‘Abattre les Cloisons’ (Break down the compartments), by Damian Rudge

archaeology1

Thus opined Lucien Febvre, a founder of “Les Annales” school of historians, founded in 1929. “For him ‘historians should be geographers, be jurists too and sociologists.’ To progress to new understandings, it was necessary to break down all these compartments” (Cunliffe, 2008, p.17). This trajectory of thought, in the same decade as the publication of “The Golden Bough” by J. G. Frazer, who correlated the myth of Diana and Virbius at the sanctuary of Diana Nemorensis near Rome with other similar belief systems in other societies, thus paving the way for modern anthropology, laid down the gauntlet to classicists steeped in textual source analysis.

This fault line is still apparent eighty years later, as I have discovered in my foray into archaeology and, unwittingly, into the minefield of academia. Seemingly innocuous adjectives such as ‘puzzling’ and ‘regrettable’ are “damning verdicts barely one step away from ‘disappointing’ in the biting lexicon of British academia” (Barraclough, 2016, p.143). When the archaeologist James Gerrard states that the culture-historical meta-narrative drowns out other evidence and that “the historical tail is wagging the historical dog” (Gerrard, 2016, p.18) describing, for example, the text of the “Res Gestae” as “lacunose” (Gerard, ibid, p.23) we know the gloves are really off! (“lacunose adj. having lacunae; pitted” (The Chambers Dictionary, 2011) i.e. not quite, but almost full of holes.)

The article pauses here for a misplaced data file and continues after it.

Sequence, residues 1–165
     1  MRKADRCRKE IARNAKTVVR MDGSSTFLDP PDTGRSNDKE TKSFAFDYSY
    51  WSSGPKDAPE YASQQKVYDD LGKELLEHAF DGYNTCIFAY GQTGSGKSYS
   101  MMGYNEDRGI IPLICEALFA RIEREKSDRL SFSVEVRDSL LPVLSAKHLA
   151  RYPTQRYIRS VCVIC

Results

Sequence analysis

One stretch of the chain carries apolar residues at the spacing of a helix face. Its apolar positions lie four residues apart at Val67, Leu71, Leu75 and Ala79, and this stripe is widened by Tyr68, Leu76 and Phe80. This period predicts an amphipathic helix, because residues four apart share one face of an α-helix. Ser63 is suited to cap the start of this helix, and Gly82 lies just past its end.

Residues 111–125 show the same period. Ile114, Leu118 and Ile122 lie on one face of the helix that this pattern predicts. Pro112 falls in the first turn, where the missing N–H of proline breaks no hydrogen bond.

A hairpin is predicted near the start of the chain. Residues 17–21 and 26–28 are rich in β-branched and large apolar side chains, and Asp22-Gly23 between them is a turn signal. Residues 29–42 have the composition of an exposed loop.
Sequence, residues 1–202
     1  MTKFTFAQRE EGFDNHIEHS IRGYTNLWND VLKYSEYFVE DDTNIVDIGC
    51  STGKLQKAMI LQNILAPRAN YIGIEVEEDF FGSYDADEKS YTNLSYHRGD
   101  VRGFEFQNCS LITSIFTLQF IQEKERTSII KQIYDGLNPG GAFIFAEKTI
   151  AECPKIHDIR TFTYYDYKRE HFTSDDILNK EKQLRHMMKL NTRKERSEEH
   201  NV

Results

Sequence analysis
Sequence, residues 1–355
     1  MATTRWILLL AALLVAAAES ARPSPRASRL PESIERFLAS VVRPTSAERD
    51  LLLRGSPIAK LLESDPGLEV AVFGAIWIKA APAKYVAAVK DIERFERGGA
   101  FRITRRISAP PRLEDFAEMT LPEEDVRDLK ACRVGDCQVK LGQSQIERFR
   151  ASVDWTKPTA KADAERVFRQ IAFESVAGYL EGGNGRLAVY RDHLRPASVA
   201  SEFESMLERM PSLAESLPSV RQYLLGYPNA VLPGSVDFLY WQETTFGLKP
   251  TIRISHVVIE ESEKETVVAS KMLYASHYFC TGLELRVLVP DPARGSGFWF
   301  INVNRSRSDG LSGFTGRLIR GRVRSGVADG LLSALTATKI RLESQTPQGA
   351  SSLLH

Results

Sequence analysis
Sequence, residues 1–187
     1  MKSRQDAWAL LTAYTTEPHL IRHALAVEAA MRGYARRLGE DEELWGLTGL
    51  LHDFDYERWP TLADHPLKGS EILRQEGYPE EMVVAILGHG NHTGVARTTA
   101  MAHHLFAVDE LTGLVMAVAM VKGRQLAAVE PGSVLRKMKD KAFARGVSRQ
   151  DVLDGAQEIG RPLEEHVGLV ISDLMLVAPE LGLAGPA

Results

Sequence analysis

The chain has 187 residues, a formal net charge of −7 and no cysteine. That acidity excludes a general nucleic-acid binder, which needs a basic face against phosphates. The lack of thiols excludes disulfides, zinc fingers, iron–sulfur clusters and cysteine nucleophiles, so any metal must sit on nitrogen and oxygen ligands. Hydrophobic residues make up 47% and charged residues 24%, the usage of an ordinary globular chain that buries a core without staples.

Before our esteemed editor heads for the ramparts in defence of the corpus of textual sources to counter such remarks [me? never!], might I suggest that anyone studying the classics also does some archaeology as well. It is only since completing my degree with the OU that I have taken an interest in this discipline: firstly as a volunteer guide at Vindolanda which led me to taking the ‘mooc’ on Roman Frontier Studies through Newcastle University, which has resulted in me getting my hands dirty “digging” at Vindolanda and Epiacum in the northern frontier zone. This discipline adds a different perspective to studying history and there’s something visceral in handling (as I did) a gaming dice dropped by a Varduallian auxiliary on the northern edge of the Imperial frontier sometime during Trajan’s or, possibly, the very early years of Hadrian’s reign – just before the construction of the latter’s eponymous wall. It also gets you out of the house!

The academic black belts will continue to trade coded insults, regardless, whilst lesser mortals (like this author) seek to ‘abattre les cloisons’. Please note, however, that I’ve really made an effort to get my referencing right!

Damian Rudge

 
Bibliography
Barraclough, E.R., 2016, Beyond the Northlands, Oxford, OUP, p.143.
The Chambers Dictionary, 2011, London.
Cunliffe, B.W., 2008, Europe Between The Oceans 9000Bc – 1000AD, London, Yale University Press, p.18
Frazer, J.G, 1923, The Golden Bough, London, MacMillan.
Gerrard, J., 2016, The Ruin of Roman Britain: An Archaeological Perspective, Cambridge, Cambridge University Press, pp. 18 and 23.


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